Anyway, getting over my irritation at having yet another window open up I wait for a while for this thing to load. Evidently the battle viewer is a lot larger than the rest of the game, maybe that's the reason for the new window. In any case, the battle loads and I'm presented with a familiar fighter game intro with my character displayed on the left, a bit VS. and the computer character displayed on the right. The screen then transitions to a bridge scene where the two characters face off. After a single exchange I find that my character was no match for the computer and I lost. Why did I have to choose 10 different actions if I only got off 1? And why was the computer so tough anyway? Do they not want people to play this game?

Frustrated once more, I think about just giving up. But then I think of that PS3 again and convince myself to give it another shot. I do a little more research and find out that when challenging a random computer their system creates a character that is between 5 levels lower and 5 levels higher than your current level for you to fight. Well since I was level 1 that means I'm fighting computer characters between levels 1 and 5. Looking at that battle again I see that the system randomly chose to pit me against a level 5 computer. No wonder I got smoked. So I give it a few more tries, also learning that I don't actually have to choose an attack and defense for each of the 10 actions. I can simply get away with choosing a single action. That sped things up a bit.

After I got used to this strange system I found myself getting addicted to it. I fought something like 20 battles against the computer and won 12 of them. At this point I found that I had enough experience to level up my character so I did so and challenged the computer some more. That's when I found out that there is a system in place that limits how many times you can challenge the computer each day. The limit seems to be 50 but that's still plenty. I sent some more challenges out to other players but haven't received any responses at the time of this article post.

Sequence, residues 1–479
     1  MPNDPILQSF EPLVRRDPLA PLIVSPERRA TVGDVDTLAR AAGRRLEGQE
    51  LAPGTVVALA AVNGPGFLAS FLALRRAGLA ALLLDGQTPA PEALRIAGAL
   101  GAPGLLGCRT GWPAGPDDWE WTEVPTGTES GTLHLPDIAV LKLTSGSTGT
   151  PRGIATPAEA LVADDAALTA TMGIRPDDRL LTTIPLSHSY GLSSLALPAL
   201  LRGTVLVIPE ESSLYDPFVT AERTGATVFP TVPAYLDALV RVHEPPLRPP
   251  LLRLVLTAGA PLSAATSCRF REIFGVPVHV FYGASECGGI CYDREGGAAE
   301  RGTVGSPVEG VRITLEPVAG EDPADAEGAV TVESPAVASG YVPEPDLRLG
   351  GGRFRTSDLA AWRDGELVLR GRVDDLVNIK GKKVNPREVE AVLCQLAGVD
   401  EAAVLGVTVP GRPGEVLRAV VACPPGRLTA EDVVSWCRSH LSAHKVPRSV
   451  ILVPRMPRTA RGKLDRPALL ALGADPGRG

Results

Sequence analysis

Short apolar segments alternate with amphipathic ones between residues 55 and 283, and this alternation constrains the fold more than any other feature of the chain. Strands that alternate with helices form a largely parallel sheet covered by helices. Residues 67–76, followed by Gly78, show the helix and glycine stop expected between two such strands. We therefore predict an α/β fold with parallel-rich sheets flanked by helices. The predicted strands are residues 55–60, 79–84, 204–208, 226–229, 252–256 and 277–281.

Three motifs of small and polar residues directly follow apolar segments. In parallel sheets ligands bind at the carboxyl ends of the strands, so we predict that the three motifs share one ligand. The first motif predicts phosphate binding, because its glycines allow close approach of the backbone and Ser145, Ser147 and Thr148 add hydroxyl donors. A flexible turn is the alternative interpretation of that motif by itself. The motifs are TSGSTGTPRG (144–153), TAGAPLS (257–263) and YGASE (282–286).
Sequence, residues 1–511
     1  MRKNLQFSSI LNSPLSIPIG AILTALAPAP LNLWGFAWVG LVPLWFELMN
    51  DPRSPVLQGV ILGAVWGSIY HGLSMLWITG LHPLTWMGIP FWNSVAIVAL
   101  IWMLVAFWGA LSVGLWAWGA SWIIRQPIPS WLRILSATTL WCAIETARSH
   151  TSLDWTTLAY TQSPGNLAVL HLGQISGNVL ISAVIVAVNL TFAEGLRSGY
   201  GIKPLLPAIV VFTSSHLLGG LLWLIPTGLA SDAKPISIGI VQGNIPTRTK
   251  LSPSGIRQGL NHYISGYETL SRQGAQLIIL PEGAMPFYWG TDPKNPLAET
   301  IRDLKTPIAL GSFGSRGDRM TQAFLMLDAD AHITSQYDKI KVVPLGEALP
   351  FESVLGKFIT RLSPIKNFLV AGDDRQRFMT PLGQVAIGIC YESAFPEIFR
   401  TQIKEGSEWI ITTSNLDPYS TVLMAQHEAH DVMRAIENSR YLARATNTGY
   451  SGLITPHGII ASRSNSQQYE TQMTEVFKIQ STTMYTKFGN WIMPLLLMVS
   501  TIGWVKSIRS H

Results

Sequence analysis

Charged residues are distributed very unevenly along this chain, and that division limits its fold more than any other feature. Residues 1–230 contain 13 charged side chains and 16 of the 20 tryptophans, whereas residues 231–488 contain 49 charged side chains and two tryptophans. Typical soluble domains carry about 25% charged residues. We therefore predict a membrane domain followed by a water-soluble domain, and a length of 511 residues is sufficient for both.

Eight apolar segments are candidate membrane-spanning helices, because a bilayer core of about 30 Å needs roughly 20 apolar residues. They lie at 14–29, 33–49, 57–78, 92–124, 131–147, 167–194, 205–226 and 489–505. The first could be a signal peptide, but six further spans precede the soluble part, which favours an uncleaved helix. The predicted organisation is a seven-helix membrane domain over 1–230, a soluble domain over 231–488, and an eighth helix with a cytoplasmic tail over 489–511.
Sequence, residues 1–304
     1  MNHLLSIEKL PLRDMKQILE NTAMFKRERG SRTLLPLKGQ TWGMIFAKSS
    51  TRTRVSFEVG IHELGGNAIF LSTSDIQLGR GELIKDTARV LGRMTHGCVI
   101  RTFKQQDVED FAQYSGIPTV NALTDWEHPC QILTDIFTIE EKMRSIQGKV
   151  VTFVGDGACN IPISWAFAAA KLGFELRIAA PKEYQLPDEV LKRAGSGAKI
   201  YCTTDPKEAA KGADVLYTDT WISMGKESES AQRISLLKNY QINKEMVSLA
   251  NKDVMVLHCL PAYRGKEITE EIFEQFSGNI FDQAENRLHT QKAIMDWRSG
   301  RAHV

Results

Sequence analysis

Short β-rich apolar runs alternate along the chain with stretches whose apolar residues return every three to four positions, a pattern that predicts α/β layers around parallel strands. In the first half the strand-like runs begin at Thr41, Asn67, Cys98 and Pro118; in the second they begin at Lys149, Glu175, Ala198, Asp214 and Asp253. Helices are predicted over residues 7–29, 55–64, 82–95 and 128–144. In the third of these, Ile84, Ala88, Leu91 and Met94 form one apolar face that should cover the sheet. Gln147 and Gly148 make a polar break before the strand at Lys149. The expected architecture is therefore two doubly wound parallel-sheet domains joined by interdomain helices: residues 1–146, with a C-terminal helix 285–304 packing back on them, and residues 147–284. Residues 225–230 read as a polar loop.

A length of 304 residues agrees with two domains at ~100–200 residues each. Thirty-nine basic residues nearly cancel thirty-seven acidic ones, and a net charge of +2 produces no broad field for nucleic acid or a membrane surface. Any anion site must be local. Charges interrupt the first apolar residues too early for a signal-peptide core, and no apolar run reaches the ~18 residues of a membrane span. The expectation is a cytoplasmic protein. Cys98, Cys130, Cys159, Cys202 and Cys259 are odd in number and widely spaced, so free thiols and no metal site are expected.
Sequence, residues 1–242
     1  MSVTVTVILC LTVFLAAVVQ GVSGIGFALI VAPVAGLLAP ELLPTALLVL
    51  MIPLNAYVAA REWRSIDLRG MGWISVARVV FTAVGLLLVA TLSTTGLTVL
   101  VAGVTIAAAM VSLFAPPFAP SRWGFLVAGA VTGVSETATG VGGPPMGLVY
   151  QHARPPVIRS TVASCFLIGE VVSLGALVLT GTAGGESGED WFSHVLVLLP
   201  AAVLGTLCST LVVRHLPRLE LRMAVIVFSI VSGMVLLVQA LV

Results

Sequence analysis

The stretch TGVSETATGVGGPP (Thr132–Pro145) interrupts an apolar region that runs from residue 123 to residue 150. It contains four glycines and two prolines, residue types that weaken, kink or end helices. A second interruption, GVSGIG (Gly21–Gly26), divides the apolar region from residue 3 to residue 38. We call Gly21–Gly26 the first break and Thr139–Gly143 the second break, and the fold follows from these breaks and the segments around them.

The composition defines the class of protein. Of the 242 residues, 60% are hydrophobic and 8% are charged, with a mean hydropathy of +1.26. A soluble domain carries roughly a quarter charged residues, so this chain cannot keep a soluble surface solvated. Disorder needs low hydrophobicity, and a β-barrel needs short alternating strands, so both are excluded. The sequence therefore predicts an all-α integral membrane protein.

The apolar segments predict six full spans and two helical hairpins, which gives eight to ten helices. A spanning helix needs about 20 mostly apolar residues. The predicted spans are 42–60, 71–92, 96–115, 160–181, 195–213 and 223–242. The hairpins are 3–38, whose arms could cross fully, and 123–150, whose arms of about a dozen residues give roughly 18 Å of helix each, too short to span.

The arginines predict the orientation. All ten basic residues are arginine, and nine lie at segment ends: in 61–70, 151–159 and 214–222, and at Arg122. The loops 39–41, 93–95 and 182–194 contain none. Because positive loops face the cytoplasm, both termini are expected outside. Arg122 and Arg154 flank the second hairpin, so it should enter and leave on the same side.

At first the whole thing was confusing and a little frustrating but now I'm finding it's a good way to waste time when I'm bored. And the big bonus here is that when they open that tournament in Spring I'll be ready to kick some ass and take a PS3! But I'm not going to pay until they open the tournament. Mer`Zikain even said in that topic of his that you don't have to be a paying member for a specific amount of time to be eligible to compete for the PS3 in Spring. You can sign up and pay the day of the tournament and still be able to participate. I for one am getting anxious for Spring this year, and not just for the warmer weather!

The links where I found all of the information on how to play the game can be found below:
Game Description
Tournament Details
Game Troubleshooting Forum
Dedicated Game Forum

Other information can be found in the instructions in the game or by asking other players via messaging them on the site or asking in the forums.

Submission + - Machinima maker acquired by virtual world marketer

CousinLarry writes: "In what may be a first for Machinima authors (machinimators? machinimists? machinographers?) everywhere, perennial producers The Ill Clan (creators of Trash Talk) apparently have been acquired by virtual world marketing outfit Electric Sheep Company. Their first project together was actually a short super bowl advertisement. It begs the question: are virtual actors and machinima coming to your favorite TV station anytime soon?"

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Like punning, programming is a play on words.